Colloquium/Seminar

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Event(s) on July 2007


  • Tuesday, 17th July, 2007

    Title: Multi-Instance Learning Revisited
    Speaker: Prof. Zhi-Hua Zhou, Department of Computer Science & Technology, Nanjing University, China
    Time/Place: 11:00  -  12:00
    FSC 1217
    Abstract: In this talk I will start by an introduction to multi-instance learning (MIL) and semi-supervised learning (SSL). Then I will show that although these two machine learning branches were almost separately developed, there exists some relationship between them. That is, by assuming i.i.d. instances, MIL can be regarded as a special case of SSL. In a further discussion, I argue that although most previous MIL studies assumed i.i.d. instances explicitly or implicitly, such an assumption should not be taken by future MIL research.


  • Tuesday, 31st July, 2007

    Title: Algorithms for Weighted Shortest Paths Problems
    Speaker: Prof. Joerg Sack, School of Computer Science, Carleton University, Canada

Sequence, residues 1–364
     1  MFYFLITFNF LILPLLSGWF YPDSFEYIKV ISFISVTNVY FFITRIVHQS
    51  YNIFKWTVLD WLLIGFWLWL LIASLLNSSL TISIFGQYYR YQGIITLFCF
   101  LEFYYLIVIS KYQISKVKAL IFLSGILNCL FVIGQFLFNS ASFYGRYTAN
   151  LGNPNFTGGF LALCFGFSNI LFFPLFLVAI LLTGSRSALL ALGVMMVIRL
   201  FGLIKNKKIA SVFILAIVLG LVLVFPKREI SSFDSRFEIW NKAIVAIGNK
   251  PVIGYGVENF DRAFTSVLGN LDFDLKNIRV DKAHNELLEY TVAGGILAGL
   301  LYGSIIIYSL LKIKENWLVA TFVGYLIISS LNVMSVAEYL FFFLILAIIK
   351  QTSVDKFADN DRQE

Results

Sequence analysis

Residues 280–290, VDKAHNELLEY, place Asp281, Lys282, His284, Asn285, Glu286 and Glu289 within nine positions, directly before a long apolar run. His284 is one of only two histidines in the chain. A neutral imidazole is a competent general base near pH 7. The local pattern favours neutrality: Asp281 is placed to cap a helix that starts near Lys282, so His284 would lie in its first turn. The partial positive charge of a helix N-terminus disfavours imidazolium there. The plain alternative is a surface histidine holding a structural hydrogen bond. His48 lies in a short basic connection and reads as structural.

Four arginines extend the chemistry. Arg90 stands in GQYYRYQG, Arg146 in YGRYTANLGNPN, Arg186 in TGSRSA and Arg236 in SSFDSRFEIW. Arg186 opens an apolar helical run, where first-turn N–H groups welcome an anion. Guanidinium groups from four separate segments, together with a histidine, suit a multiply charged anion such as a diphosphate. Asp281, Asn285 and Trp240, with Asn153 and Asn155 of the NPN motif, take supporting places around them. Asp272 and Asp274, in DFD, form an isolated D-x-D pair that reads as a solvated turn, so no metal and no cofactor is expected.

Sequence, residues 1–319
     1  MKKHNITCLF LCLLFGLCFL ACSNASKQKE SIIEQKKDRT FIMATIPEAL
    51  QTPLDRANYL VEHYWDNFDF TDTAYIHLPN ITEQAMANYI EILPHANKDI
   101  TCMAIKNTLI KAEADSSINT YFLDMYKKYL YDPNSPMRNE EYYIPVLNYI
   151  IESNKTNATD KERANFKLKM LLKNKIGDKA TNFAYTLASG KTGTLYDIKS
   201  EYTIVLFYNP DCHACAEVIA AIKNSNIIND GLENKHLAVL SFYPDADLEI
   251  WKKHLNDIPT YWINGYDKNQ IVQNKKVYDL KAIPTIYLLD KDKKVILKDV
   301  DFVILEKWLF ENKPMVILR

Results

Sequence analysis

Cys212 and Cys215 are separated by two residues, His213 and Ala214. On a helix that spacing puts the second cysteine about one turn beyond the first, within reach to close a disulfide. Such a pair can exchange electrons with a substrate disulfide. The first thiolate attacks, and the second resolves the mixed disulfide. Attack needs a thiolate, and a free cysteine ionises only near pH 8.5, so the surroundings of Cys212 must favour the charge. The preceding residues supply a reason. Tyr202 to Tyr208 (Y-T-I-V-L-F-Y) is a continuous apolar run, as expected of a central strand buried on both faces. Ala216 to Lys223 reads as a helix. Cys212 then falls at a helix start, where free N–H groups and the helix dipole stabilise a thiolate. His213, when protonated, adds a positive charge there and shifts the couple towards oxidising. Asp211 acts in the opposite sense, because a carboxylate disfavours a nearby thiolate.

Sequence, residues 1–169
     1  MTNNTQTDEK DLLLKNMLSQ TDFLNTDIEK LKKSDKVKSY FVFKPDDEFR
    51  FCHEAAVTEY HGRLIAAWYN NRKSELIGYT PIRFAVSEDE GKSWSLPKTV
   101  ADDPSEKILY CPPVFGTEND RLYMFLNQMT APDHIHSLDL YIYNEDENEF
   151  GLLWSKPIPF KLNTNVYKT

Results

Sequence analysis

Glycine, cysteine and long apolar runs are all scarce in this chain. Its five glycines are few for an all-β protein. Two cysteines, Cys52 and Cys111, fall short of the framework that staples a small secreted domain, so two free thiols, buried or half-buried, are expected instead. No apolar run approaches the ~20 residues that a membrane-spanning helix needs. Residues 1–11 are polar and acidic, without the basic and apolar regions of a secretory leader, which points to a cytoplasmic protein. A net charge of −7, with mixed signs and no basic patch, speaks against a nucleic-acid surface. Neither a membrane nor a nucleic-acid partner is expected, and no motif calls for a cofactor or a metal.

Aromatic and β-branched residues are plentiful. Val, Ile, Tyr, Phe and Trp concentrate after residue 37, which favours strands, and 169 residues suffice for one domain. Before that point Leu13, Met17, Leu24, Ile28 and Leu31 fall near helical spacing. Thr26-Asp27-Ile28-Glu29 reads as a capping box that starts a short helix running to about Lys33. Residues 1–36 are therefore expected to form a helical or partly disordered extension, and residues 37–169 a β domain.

Time/Place: 11:00  -  12:00
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    Abstract: Shortest path problems are among the fundamental problems studied in computational geometry and other areas including graph algorithms, geographical information systems (GIS) and robotics. Existing algorithms for many of the interesting shortest path problems are either very complex and/or have very large time and space complexities. Hence they are unappealing to practitioners and pose a challenge to theoreticians. This coupled with the fact that the geographic/spatial models are approximations of reality anyway and high-quality paths are favored over optimal paths that are “hard'' to compute, approximation algorithms are suitable and necessary. We present algorithms to compute approximations of shortest paths (Euclidean or weighted) between a source and target vertex on the surface of a polyhedron P. In the weighted shortest path problem each face has a positive non-zero real valued weight representing the cost of travelling through that face. The algorithms discussed provide a substantial improvement in the time complexity and are of practical value as demonstrated through a series of experiments on triangular irregular networks. We also provide an algorithm for computing a weighted shortest path in a subdivision of R3.